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Samples of bulk precipitation were collected at 179 sites in the North-Central and Northeastern United States for 3 months during winter 1980-81 to provide data on the distribution of chemical constituents. Concentrations and average daily loads of 29 dissolved constituents were determined. Sodium and chloride deposition was relatively high in coastal areas and adjacent to some urban centers. Regional patterns of to daily loads of hydrogen ion, nitrate, lead, and iron correlate well with one another and form a concentric pattern around the center of high deposition in eastern Ohio and western Pennsylvania, suggesting an urban-industrial source. Samples from this area had low pH (<4.2), whereas samples from southern Minnesota and Illinois had a more neutral pH (>5.7). The latter samples had high concentrations of calcium and total inorganic carbon, suggesting pH control by soil-derived carbonate minerals. Deposition patterns of ammonium, nitrate, and sulfate display regional highs in Illinois, Indiana, and southwestern Michigan, suggesting agricultural sources such as fertilizer. Median loads of zinc, iron, and lead were lower than reported in previous studies for North America. The apparent decrease in lead since 1950 throughout the area is attributed to reduced consumption of leaded fuels and lower deposition in winter.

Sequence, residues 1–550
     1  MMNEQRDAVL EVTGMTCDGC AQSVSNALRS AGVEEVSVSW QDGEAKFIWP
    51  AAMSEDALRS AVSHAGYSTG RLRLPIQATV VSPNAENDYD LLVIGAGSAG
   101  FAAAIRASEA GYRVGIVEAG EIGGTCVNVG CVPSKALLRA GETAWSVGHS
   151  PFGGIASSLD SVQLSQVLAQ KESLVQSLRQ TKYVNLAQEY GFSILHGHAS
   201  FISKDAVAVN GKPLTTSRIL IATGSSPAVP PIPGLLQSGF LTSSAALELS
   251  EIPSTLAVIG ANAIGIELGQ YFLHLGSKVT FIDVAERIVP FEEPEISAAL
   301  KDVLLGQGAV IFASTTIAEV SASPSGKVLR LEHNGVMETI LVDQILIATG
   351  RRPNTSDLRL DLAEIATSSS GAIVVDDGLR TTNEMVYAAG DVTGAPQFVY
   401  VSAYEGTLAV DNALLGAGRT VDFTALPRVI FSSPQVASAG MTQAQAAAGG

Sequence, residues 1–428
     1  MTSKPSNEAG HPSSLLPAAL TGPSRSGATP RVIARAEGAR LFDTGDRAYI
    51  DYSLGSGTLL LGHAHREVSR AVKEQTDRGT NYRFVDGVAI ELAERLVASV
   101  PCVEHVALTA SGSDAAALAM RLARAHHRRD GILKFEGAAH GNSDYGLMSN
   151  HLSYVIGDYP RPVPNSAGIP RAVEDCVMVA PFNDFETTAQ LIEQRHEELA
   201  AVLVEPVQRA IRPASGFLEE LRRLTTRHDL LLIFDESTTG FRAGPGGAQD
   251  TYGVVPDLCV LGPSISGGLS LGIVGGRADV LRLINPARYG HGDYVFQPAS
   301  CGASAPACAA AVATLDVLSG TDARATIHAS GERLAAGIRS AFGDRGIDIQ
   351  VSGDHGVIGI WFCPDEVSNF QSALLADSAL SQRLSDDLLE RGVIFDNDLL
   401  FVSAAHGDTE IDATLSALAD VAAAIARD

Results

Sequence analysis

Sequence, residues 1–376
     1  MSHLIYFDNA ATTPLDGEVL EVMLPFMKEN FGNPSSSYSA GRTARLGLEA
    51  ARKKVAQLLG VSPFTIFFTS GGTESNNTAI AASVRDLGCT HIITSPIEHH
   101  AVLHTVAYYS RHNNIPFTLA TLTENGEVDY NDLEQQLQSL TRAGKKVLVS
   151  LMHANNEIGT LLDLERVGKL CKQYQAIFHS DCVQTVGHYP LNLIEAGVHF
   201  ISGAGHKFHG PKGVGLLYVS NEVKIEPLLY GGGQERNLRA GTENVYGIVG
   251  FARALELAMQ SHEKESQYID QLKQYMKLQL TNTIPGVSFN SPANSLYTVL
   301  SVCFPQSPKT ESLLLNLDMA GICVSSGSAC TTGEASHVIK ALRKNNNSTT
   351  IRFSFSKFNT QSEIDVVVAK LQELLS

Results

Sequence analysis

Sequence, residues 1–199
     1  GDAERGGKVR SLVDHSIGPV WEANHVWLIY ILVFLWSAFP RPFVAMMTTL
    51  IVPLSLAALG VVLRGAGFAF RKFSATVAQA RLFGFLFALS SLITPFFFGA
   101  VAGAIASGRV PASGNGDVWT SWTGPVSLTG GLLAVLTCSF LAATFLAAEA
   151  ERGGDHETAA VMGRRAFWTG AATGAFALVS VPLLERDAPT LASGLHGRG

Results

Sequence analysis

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Chemical composition of bulk precipitation in the North-Central and Northeastern United States, December 1980 through February 1981